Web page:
The apostles said to the Lord, 'Increase our faith!' And the Lord said, 'If you had faith as a grain of mustard seed, you could say to this sycamore tree, "Be rooted up, and be planted in the sea," and it would obey you'" (Luke 17:5-6).
It's always the most fundamental scriptures -- the familiar ones about faith and justice and concern for the poor -- that are the hardest to preach on at home. When the themes are ones we struggle day in and day out to commit our lives to, I sometimes wonder after all these years if there is anything new to say.
When this scripture made a recent appearance in our lectionary, and I was the scheduled preacher, I felt at a loss. I remembered the last time this passage was preached at Sojourners. Rob Soley, who was a teacher of young children in a Montessori school at the time, brought in a small handful of mustard seeds. He explained that when he passes them around to children, he tells them to be careful how they breathe as they look at them. The least bit of wind would blow these tiny seeds away.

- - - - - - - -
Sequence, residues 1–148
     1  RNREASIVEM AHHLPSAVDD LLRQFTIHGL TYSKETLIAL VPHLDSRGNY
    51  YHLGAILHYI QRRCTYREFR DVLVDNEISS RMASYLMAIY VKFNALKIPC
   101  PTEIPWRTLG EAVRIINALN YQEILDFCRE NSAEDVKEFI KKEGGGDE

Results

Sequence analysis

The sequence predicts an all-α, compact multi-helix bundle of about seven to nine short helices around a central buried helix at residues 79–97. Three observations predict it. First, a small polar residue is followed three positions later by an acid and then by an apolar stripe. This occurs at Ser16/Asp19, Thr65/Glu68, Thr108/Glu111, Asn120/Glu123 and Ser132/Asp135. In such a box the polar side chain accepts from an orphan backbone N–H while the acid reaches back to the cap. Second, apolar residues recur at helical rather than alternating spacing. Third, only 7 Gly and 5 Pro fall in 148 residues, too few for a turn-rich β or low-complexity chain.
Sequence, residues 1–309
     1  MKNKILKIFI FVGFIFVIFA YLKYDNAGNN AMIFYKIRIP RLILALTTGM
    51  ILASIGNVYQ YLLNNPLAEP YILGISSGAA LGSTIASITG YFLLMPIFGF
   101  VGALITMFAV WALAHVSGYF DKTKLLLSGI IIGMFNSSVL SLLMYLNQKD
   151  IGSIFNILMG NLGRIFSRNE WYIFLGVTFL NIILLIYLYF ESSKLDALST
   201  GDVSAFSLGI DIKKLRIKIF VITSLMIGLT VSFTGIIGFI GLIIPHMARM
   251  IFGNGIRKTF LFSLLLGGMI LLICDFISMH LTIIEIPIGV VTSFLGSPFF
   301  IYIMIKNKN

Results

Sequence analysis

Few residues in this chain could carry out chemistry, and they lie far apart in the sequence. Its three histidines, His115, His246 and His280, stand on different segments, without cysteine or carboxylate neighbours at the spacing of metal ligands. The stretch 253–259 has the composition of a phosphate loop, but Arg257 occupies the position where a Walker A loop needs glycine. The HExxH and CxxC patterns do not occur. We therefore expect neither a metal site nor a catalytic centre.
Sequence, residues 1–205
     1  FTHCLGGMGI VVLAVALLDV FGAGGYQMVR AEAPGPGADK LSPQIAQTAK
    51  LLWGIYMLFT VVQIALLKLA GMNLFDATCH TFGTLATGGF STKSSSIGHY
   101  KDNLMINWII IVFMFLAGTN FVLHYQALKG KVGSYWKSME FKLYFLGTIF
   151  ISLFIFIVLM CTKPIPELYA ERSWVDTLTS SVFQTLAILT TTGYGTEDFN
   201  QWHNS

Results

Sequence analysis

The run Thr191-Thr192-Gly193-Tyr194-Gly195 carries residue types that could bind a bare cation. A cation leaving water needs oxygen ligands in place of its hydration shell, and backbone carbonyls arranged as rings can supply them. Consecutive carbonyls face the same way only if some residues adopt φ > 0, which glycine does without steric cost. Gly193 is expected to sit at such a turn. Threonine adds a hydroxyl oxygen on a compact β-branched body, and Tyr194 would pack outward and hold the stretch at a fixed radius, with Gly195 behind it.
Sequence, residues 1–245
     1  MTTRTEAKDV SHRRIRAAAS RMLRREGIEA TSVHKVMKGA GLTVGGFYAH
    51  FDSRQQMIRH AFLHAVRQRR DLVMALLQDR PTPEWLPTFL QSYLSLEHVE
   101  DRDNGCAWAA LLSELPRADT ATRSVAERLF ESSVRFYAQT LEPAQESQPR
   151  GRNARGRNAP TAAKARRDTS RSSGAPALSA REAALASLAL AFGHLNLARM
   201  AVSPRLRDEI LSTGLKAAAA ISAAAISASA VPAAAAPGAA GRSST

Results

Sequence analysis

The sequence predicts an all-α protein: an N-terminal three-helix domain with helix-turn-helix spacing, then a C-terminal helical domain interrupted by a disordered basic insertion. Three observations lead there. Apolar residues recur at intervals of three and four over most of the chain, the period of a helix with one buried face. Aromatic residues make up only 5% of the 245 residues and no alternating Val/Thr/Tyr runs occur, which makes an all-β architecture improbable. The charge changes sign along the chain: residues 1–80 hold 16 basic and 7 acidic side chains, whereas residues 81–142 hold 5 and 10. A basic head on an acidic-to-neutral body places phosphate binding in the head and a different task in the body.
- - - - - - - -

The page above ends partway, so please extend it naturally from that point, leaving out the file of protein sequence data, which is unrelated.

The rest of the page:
I recognized then why this metaphor was so powerful to Jesus' disciples, who lived in a society based on the land -- on planting and harvesting and the promise that small seeds hold. The message of the mustard seed was a clear sign that even the smallest faith can move trees -- or mountains. But apparently the faith of the disciples -- and us -- doesn't even add up to a molecule of a mustard seed; I haven't seen a lot of trees throwing themselves into the sea lately.